If a service was rendered under emergency conditions, specific policy guidelines and regulations kick in. Public Health Service Act (PHS Act) section 2719A and the ACA ("Obamacare") impose on health insurances to fully cover emergency services in an emergency department of a hospital without regard if the provider is out of network, and requires insurers to apply the same financial liability to the patient as would have been if in network. 

3. Call your State's Insurance Commissioner

If your appeal is still denied despite using these arguments, consult your State's Insurance Commissioner's website for information on how to submit a grievance against the health plan. Include a copy of all relevant documents when filing. Some states offer free phone consultations to determine whether you have a case. 

4. Deal with the provider directly

A provider may refuse an insurance agreement or to write off your balance after an "in network" payment. Request to meet the office manager to negotiate. Meanwhile, send small monthly payments to avoid collection action. 
Your insurance representative may be able to help you determine an acceptable settlement, as would a billing advocate. Remember that a one-time "paid in full" remittance is more attractive than monthly payments. 

5. Ask the referring physician

If all fails, contact your surgeon, explain the situation and ask for assistance. A non-contracted provider, counting on more referrals and work from his colleagues, may have to learn to be more flexible and less greedy. Another physician is the best placed to explain this delicate situation.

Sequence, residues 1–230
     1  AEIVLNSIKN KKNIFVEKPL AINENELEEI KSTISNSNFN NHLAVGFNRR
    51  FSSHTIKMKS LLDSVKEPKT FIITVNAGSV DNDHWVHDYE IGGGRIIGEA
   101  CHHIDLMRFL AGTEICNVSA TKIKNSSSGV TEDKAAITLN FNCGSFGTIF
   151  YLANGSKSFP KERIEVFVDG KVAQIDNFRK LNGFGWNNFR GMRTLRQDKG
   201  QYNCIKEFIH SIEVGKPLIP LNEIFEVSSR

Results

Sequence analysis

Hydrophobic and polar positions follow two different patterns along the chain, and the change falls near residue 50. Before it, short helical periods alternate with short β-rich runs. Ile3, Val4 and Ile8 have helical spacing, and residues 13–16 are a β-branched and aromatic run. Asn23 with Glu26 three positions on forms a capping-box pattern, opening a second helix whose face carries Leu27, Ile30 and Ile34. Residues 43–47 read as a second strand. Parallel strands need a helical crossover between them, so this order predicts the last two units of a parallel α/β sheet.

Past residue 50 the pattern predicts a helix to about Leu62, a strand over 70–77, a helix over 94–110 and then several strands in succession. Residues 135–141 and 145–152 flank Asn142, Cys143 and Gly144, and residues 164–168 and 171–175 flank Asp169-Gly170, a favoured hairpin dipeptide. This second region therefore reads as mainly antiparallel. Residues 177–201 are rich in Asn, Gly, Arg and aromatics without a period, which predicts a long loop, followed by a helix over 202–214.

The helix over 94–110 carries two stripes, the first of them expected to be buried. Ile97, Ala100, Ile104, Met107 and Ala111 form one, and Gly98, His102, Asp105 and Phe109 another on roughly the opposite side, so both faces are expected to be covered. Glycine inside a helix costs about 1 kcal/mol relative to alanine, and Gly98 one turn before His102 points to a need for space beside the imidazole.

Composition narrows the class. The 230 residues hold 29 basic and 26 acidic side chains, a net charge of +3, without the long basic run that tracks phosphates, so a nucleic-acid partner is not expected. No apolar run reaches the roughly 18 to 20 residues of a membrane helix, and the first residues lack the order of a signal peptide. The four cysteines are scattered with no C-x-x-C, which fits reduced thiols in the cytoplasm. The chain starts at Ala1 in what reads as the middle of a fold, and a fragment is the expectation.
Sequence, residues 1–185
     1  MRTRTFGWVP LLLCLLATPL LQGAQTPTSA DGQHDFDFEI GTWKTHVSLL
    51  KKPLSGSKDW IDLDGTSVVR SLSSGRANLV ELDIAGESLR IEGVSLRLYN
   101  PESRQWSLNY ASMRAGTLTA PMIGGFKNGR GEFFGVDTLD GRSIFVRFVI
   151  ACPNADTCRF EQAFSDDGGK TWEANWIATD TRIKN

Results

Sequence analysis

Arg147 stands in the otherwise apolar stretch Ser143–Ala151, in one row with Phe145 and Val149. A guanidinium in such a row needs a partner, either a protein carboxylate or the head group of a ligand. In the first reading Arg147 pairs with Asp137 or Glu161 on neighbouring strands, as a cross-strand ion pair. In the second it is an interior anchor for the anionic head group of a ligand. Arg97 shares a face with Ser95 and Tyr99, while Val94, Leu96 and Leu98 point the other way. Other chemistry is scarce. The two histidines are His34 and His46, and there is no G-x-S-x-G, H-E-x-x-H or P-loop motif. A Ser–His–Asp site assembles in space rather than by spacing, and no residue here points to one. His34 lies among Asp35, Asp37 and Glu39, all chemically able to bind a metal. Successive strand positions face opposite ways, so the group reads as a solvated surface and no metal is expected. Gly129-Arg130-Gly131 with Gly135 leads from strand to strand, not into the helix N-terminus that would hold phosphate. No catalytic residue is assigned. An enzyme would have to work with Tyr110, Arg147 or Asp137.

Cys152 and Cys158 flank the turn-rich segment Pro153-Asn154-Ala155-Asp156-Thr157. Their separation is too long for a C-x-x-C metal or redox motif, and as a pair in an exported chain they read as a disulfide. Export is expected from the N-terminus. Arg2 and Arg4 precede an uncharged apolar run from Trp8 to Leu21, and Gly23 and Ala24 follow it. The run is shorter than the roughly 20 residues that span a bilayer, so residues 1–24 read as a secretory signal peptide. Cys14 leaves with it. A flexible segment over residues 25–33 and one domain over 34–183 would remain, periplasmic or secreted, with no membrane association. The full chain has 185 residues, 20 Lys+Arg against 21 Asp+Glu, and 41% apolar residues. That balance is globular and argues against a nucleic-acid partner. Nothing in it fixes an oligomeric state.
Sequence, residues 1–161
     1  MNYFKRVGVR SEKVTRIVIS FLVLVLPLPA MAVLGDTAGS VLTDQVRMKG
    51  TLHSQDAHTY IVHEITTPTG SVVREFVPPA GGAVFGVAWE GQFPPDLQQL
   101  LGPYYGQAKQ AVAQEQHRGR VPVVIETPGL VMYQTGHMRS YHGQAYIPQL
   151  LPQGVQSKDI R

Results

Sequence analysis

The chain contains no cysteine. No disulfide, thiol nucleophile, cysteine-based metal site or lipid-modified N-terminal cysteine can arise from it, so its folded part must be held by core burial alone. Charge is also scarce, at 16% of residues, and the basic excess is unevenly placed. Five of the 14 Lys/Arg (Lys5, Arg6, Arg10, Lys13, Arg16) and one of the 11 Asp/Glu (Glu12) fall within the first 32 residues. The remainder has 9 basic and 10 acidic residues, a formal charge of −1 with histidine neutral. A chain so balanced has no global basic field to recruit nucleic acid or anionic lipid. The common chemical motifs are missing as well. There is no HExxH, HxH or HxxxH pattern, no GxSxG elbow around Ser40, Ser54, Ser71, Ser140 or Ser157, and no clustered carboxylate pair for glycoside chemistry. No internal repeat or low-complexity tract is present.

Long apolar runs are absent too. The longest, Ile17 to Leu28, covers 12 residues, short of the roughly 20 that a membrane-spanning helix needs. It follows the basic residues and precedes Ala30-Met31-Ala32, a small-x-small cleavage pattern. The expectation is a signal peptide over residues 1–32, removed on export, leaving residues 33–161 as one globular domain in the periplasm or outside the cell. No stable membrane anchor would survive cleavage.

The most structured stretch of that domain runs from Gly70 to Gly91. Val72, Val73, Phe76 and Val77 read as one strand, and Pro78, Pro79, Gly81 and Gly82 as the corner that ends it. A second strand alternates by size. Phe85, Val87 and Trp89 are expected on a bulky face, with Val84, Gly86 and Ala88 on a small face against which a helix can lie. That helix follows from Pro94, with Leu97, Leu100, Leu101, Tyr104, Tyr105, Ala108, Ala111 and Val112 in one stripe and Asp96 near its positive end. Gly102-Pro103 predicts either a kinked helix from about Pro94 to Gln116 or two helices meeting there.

The referring physician, or his office manager, may be able to use his contacts with the facility's officers to get a bill reduced or an application for financial assistance pushed through.

If the provider belongs to a medical group, as anesthesiologists and ER physicians often do, file a request for a review of your case and ask for a fee reduction directly with the managing director. They often are more sensitive to negative comments and potential backlash, especially if you indicate a copy is being forwarded to the referring physician and to the administrator of the facility.

In conclusion:

A negative response to an insurance appeal or the initial refusal of a reduced fee should not deter patients from seeking other avenues to get a better outcome. Patient satisfaction and the threat of public exposure are growing factors forcing medical providers to "play nice".  Knowing your rights and demanding they are respected are powerful incentives, as are hiring a patient advocate or going up the corporate ladder. 

* A seen on NerdWallet

Any comments or questions? Contact us!

 My objective is to offer you, the patient, concrete and beneficial information, useful tips, proven and efficient tools as well as trustworthy supportive advice as you deal with a system in the midst of sweeping adjustments, widespread misunderstandings and complex requirements.
©  [2014] AdviMed.
©  [2014] Martine G. Brousse.
All rights reserved.

Quote of the week:
"Nature always wears the colors of the spirit" Ralph Waldo Emerson

AdviMed          (424) 999 4705 or (877) 658 9446       fax (424) 226 1330